The first thing I noticed from the pile of salvaged oak was the presence of frass in between each piece of the stack. It might have been old frass from a no-longer-active infestation or it might not. It was not an extreme amount but I was not going to take a chance as I was going to be making furniture for the cabin from it.
I mixed up my typical batch of insecticide with a gallon of marine anti-freeze and two 8 oz. cups of dry borate-complex powder (Disodium Octaborate Tetrahydrate), then mixed with a paint stirrer in my cordless drill.
I used a cheap garden sprayer to saturate the boards and stacked them under plastic to let it all soak in thoroughly. After 36 hours I set them against the barn to dry, and two days later moved them inside and will put them to use when that project moves to the top of the pile.
I am not going to put saws in the toolbox. I had watched a toolbox presentation on the evolution of them from about 1660 up to the late 1800's. According to the person presenting he said saws were not commonly kept in toolboxes. I found that hard to understand when all the tools a craftsman needed were supposedly in the toolbox. How did he saw anything? The presenter said saws were kept in a separate saw till. Although he did show a few chests with saws stowed in the lid and in the interior bottom.
I like the idea of a separate saw till to hold Miles saws. I have a crosscut and rip saw for him already and I am going to get a dovetail, carcass, and tenon saw too. Making a saw till for him will free up that space in the toolbox for other tools.
|blue tape to the rescue|
|I can't see it|
|cleaned and flushed up the top|
|gluing on the bottom|
|glued, clamped, and cooking|
|the before and after|
|found some screws|
|set my 4" square to the depth|
|screw holes done|
|should have erased that pencil line|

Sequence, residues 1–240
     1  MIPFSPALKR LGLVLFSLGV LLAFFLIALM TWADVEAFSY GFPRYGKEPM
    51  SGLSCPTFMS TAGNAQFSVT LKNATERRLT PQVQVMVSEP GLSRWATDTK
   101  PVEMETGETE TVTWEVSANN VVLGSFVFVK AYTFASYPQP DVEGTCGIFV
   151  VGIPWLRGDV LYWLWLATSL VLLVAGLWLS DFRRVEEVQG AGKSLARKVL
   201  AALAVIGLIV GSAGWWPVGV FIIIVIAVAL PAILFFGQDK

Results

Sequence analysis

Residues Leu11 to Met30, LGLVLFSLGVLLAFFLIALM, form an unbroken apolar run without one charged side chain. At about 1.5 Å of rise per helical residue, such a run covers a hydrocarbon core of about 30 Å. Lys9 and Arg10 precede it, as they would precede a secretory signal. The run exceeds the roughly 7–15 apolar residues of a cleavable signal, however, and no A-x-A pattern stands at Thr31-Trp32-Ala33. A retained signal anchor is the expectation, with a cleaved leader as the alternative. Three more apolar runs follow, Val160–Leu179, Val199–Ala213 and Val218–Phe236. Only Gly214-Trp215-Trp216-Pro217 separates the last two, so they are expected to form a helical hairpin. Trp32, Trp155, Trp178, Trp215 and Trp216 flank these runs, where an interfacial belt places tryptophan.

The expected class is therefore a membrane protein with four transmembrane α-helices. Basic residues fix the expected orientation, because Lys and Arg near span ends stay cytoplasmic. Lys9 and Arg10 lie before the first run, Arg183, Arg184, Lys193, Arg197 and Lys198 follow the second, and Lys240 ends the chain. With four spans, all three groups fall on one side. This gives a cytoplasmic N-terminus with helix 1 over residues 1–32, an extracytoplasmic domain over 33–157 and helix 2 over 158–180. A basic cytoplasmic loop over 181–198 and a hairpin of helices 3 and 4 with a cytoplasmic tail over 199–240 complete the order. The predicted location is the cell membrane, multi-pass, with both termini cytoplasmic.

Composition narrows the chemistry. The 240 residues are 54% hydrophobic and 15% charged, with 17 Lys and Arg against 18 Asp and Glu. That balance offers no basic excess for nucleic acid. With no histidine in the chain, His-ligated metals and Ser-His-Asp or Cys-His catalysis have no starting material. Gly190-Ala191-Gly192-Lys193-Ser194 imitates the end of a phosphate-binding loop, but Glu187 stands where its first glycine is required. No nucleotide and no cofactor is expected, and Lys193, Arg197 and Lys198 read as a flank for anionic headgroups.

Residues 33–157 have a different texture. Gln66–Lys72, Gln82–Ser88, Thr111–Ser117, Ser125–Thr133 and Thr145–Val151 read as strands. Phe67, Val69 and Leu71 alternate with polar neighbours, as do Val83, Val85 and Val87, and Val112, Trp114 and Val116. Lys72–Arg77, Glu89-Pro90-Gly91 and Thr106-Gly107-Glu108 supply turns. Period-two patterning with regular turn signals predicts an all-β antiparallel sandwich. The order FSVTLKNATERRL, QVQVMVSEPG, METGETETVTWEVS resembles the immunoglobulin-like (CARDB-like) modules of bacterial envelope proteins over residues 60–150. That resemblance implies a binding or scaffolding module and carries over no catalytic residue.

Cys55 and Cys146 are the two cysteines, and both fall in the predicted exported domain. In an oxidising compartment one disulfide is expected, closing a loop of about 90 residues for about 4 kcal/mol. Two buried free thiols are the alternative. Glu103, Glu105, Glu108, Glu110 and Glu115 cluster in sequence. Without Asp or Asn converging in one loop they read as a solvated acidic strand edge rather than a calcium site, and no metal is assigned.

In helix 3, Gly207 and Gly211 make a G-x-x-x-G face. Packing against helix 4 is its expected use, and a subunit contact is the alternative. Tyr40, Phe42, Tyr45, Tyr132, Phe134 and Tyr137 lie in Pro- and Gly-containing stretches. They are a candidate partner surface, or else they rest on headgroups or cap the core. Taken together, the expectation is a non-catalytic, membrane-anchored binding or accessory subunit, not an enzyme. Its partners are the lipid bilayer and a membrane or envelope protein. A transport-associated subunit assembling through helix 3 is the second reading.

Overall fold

|laid it out right on this side|
|they work well|
|I don't like the flat look on the ends|
|my backyard maple tree|
On the Bob Newhart show (1970's), what was the apartment number he lived in?
answer - 523
I was talking to Peter Follansbee about life, woodworking and this blog when he asked my why I didn’t take pictures of anything really old? My threshold for old is pre-McKinley (1900) while Mr. Follansbee’s is 16th century. The obvious answer is that the places I have access to don’t often have anything old. The number of Empire chests-of-drawers far exceeds the number of jointed English stools in the retail/auction market.
To address Mr. Follansbee’s concerns, I offer here two dealer-confirmed old pieces. I completely trust antiques dealers. What possible incentive would they have to lie or deceive?
Is it a cupboard if it was built before cups were invented? Could it be a jelly if all they had was preserves? It’s that old:
Equally old or even older is this chest:
The thing that really hooked me on "The Anarchist Tool Chest" when I first opened the book was the title to the prologue.
Those two words, impossible to follow one way or the other, distilled most of my attitude for this world. I was fortunate I traversed my public school education when the term Attention Deficit was only beginning to gain traction and understanding. If then were today I'd probably carry the boat anchor labels of Oppositional Defiance Disorder, or Rage Disorder, and most certainly ADHD. To be clear I don't believe I'm any of these things, I'm simply more willful, emotional, and free thinking than your average bear.